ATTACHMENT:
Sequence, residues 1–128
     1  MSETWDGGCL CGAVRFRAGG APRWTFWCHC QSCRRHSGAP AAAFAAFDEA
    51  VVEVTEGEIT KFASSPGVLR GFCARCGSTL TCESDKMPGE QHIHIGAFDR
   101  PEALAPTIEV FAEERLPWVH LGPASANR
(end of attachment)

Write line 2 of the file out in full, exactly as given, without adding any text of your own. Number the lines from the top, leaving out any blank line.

     1  MSETWDGGCL CGAVRFRAGG APRWTFWCHC QSCRRHSGAP AAAFAAFDEA